Against the backdrop of special events in this period, there are still months where the individual sectors do not all move in the same direction, as might be expected given the varying nature of the sectors. In February 2011, while services increased there was a large decrease in production output. This was caused by large falls in both mining and quarrying (owing to unseasonal maintenance work and slow-downs in output), and electricity, gas and water supply (because of very mild temperatures). In January 2012, a large fall in construction, following a strong December 2011 figure, partially offset the strong services growth. The Index of Production can be volatile because of non-manufacturing components, for example, mining and quarrying because of unseasonal maintenance or disruption to the extraction and transportation of oil and/or gas. Electricity, gas and water supply can be affected by unseasonably warm or cold weather. Construction output can also be volatile because of the nature of the construction industry with the completion of projects as well as impacts from the weather.
In summary, there can be considerable volatility from month to month in the GDP figures, and this is usually driven by the services sector because of its large weight in output GDP. Special events play a role in some of the monthly volatility, such as extra bank holidays, the Olympics in 2012 or extreme weather events. Usually the effect of this monthly volatility is dampened by the time quarterly figures are compiled, unless the event is in the first or last month of the quarter when there may potentially be some displacement into other quarters.
Monthly GDP data is a new and informative product on the state of the economy with a high data content for output. However, users should still avoid reading too much into a single month’s figure, especially if there are particular circumstances that might make that month more volatile than usual. Early forecasts for the quarter ahead should therefore not be drawn from just the first month of that quarter when it is published. We will lead with the three-month-on-three-month figure for GDP, as this smooths out some of the volatility and presents a better picture of the state of the economy.Back to table of contents
Generally speaking, the rolling three-month-on-three-month GDP estimates are less volatile than the monthly series and track within a range seen by the existing quarterly GDP estimates. However, the impacts of particularly large monthly movements can still be seen in some of the three-month-on-three-month movements (Figure 5). These show up where the blue lines either side of the yellow dots of quarterly GDP are a long way apart, with the main differences in 2002 when there was the Queen’s golden jubilee, and a further one in 2011 for the snowfall in December, the record-breaking warm weather of April 2012 and the wedding of the Duke and Duchess of Cambridge in the same month.
The 2002 golden jubilee is an example of how a volatile monthly GDP figure can still contribute to the three-month-on-three-month figure being a potentially misleading indicator of the underlying state of the economy. If we had published this three-month-on-three-month GDP movement at the time, this special event would have led to a slowdown from the 1.2% three-month-on-three-month growth published in May 2002 to 0.7% in the three months to June 2002.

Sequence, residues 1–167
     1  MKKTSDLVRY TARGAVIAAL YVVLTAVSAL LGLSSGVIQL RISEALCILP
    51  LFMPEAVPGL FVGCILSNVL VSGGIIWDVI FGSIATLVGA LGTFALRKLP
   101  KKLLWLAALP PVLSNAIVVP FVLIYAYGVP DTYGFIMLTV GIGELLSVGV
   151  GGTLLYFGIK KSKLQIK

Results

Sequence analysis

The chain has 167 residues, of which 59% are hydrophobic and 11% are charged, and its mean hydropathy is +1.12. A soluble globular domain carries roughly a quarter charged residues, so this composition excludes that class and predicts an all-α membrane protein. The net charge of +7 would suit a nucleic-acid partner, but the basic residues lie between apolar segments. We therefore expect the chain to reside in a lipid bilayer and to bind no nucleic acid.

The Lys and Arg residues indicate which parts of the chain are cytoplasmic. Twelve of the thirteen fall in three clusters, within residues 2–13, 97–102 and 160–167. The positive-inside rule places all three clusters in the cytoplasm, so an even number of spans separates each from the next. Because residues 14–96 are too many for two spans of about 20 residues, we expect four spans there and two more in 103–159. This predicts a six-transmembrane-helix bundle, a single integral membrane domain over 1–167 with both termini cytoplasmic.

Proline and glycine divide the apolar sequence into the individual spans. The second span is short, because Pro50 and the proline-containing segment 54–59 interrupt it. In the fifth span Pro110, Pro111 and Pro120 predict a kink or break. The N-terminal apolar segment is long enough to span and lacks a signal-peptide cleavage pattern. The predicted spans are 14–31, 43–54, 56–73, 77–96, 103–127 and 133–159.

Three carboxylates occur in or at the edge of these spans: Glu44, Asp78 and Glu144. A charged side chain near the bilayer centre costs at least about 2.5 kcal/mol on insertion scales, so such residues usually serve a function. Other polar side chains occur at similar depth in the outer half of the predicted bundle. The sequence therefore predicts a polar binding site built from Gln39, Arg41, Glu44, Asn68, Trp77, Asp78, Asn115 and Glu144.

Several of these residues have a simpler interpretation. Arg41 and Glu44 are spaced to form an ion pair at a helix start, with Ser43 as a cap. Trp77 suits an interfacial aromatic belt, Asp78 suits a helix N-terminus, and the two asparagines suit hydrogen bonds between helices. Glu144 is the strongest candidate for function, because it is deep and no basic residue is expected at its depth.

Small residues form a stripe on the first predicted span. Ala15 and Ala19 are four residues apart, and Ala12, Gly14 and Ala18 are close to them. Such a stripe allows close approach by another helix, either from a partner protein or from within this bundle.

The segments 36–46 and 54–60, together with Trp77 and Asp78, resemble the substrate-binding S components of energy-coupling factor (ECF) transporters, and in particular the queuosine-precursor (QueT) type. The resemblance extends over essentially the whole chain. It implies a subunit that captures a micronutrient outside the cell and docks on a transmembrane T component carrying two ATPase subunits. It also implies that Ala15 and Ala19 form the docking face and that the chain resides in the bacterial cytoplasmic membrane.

As the three-month-on-three-month picture worked through this volatile monthly path, including the recovery in July, as well as other unrelated movements in the months ahead of the jubilee, three-month-on-three-month growth dipped to negative 0.3% in August before recovering to positive 0.8% in September 2002 for the next quarterly estimate. The quarterly GDP movements were positive 0.7% for Quarter 2 (Apr to June) 2002 and positive 0.8% for Quarter 3 (July to Sept) 2002. However, using the rolling three-month-on-three-month estimates, economic growth ranged from positive 1.2% in May 2012 to negative 0.3% in August 2012, a very different picture from that painted by just the quarterly data.
Despite these rare monthly impacts on three-month-on-three-month growth, broadly speaking the three-monthly movements lessen the volatility seen in the month-on-month GDP growth, and therefore are a better indicator of the underlying direction and strength in the economy. In our publications we will draw attention to any particularly large or unusual monthly movements to put them into context and avoid users drawing the wrong conclusion from a single point of monthly data. We will also clearly explain when a single monthly movement is having a large influence on the three-month-on-three-month GDP estimate and how this monthly movement will cause the three-month-on-three-month movement to fluctuate.Back to table of contents
The UK has now become one of the first countries to produce official estimates of monthly gross domestic product (GDP). This is a much-anticipated product that will give a more complete picture of the economy earlier on in the months following the quarter as well as becoming a leading-edge indicator. The first estimate of quarterly GDP will also have a much higher data content than the previous preliminary estimate, so a slightly later publication of the first estimate of GDP has the potential to lead to a reduction in the magnitude of later revisions. We are also committed to reviewing continuously how we can improve the quality of early estimates of GDP as part of our wider transformation programme.
Monthly GDP data is much more prone to volatility than quarterly GDP data with almost one month in every four over the last 21 years showing negative GDP growth. Interpretation of these new outputs is therefore key and we have developed a new monthly GDP publication to focus on presenting the three-month-on-three-month GDP estimates as well as the monthly GDP estimates. We have developed a new bulletin to make monthly GDP more accessible to the wider public. The new style publication has been designed to be much more of a visual piece with headline graphics and will be much shorter in length than existing bulletins. It has been developed in response to user feedback for a more engaging publication that is more consistent with the time spent by visitors to our website. We welcome feedback on the outputs being published and the way in which these estimates are presented.Back to table of contents